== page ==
They have molecules called lignins, which contain carbon but do not readily
decompose. After the plant dies, some of its carbon remains locked up
in the lignins and can become buried in the Earth through geologic processes,
preventing those carbon atoms from returning to the atmosphere and effectively
lowering atmospheric carbon dioxide.
"The Earth cools when you take away carbon dioxide," Hedges
says. "Other factors such as the location of the continents may have
had some effect in cooling the atmosphere and creating periods of Snowball
Earth, but I suspect the biggest cooling effect came from the reduction
of carbon dioxide in the atmosphere by fungi and plants, which we have
shown were living on the land at that time."
Fossil fuels like coal and oil are made from plant material, containing
carbon that was taken out of the atmosphere and buried in swamps millions
of years ago. Releasing those same carbon atoms back into the atmosphere
by burning fossil fuels appears to be causing the Earth to get warmer
again, according to many studies.
Hedges and his research team made their surprising discoveries about
the early appearance on Earth of the first land plants and fungi by studying
as many of the genes as possible of their descendants--the species of
plants and fungi living today. They began by sifting through their molecular
fingerprints--the unique sequences of amino-acid building blocks--in many
thousands of genes from hundreds of species archived in the public gene-sequence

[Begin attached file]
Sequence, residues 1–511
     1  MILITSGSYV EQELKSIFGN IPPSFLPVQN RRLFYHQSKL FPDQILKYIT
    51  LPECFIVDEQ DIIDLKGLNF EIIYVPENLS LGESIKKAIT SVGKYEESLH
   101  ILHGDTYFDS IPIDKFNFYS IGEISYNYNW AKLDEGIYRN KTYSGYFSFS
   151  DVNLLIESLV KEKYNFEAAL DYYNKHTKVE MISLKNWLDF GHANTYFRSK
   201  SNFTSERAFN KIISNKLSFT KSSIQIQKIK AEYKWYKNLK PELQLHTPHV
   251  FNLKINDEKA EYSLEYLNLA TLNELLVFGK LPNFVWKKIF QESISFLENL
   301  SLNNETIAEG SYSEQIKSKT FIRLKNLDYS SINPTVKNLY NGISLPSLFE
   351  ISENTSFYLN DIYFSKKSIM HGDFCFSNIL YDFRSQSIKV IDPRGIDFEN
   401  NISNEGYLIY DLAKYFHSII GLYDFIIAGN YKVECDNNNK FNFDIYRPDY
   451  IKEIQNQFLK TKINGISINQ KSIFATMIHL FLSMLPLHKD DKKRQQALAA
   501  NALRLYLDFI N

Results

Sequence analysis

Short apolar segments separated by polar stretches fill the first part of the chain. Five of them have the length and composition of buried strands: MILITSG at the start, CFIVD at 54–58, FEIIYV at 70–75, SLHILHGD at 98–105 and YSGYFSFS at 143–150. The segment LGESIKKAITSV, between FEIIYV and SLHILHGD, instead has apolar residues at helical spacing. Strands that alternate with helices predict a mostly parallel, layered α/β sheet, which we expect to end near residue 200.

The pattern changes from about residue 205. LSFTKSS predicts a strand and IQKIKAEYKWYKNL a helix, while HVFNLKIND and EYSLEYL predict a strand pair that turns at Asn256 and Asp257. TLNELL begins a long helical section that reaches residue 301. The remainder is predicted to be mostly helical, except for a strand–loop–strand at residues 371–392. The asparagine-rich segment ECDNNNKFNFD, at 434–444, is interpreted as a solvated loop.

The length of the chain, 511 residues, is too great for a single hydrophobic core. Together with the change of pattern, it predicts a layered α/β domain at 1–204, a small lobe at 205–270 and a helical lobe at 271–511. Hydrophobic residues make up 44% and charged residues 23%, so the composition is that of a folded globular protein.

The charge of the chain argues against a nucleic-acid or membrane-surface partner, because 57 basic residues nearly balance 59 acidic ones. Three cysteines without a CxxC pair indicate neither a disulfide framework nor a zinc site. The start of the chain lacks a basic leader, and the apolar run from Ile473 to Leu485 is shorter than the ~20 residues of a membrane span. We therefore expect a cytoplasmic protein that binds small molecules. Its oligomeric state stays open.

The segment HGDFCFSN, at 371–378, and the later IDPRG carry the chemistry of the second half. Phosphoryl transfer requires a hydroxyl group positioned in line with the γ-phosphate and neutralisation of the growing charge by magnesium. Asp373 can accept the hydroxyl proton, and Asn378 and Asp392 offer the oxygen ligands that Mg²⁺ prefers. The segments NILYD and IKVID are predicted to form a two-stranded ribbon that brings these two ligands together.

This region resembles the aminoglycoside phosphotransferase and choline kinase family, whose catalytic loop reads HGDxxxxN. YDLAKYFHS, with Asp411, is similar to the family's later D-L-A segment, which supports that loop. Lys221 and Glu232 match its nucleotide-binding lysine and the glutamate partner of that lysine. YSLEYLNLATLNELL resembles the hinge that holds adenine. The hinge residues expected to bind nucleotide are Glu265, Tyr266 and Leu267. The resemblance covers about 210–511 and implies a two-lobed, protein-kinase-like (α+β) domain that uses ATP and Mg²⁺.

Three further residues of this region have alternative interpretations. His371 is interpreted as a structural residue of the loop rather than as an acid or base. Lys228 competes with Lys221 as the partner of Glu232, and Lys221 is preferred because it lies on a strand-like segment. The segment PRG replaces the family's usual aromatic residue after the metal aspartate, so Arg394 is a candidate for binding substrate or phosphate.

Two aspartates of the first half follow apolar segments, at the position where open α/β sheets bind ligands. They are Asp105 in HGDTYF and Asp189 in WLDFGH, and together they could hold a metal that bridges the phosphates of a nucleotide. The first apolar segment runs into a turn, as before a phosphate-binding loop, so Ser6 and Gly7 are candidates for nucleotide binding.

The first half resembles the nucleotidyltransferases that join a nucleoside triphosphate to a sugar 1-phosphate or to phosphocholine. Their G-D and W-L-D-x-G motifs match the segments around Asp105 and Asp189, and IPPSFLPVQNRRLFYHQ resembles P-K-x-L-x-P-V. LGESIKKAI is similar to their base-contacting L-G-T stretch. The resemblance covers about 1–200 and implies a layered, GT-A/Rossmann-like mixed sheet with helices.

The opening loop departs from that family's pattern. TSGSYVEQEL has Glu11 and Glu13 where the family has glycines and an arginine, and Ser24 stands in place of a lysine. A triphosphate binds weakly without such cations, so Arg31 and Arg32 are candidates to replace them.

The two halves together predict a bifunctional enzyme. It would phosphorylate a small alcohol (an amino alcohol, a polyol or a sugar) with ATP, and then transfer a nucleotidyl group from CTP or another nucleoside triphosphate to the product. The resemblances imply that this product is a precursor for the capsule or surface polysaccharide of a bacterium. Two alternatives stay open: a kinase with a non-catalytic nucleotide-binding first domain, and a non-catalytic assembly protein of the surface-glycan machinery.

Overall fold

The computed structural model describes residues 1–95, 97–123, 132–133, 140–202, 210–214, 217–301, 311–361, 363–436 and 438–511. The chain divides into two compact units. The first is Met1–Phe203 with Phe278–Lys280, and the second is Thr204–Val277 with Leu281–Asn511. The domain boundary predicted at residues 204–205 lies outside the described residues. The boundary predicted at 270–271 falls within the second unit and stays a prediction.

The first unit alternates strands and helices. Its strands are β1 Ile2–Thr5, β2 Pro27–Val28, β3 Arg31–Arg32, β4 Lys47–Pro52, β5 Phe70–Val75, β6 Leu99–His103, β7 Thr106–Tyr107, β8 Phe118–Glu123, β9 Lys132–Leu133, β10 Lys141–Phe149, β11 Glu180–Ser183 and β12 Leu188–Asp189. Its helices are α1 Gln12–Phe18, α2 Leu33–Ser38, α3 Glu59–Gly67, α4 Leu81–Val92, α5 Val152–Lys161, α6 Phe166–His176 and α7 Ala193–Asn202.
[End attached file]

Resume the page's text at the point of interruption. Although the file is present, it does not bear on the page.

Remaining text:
Eventually, they found 119 genes common to living species of fungi, plants,
and animals that met the researchers' stringent criteria for use as "molecular
clocks." Previous studies had used a single gene. By detailed comparisons
of the amino-acid sequences of individual genes among numbers of species,
the scientists identified those genes that had accumulated mutations at
a fairly constant rate relative to one another during their evolution.
"Because mutations start occurring at regular intervals in these
genes as soon as a new species evolves--like the ticking of a clock--we
can use them to trace the evolutionary history of a species back to its
time of origin," Hedges explains.
The scientists calibrated each of their gene clocks with evolutionary
events well established by fossil studies, primarily those in the history
of animals. Using these known dates as secure calibration points, and
the mutation rate for each of the constant-rate genes as a timing device,
the researchers were able to determine how long ago each of the species
Hedges says his research might help in the search for life on other planets
by providing a link between the different stages of life's evolution on
Earth and the timing of events in the chemical evolution of Earth's atmosphere,
such as the rise in oxygen. "Possibly the early history of life on
Earth can give us clues for predicting the kinds of lifeforms that are
likely to exist on planets in other solar systems from the chemical content
of their atmospheres," Hedges says.
In addition to Hedges, the Penn State research team includes Daniel
S. Heckman, an undergraduate student whose senior honors thesis formed
part of this research; David M. Geiser, assistant professor of
plant pathology; and undergraduate students Brooke R. Eidell; Rebecca
L. Stauffer; and Natalie L. Kardos. This research was supported,
in part, by the National Aeronautics and
Space Administration through the Penn State Astrobiology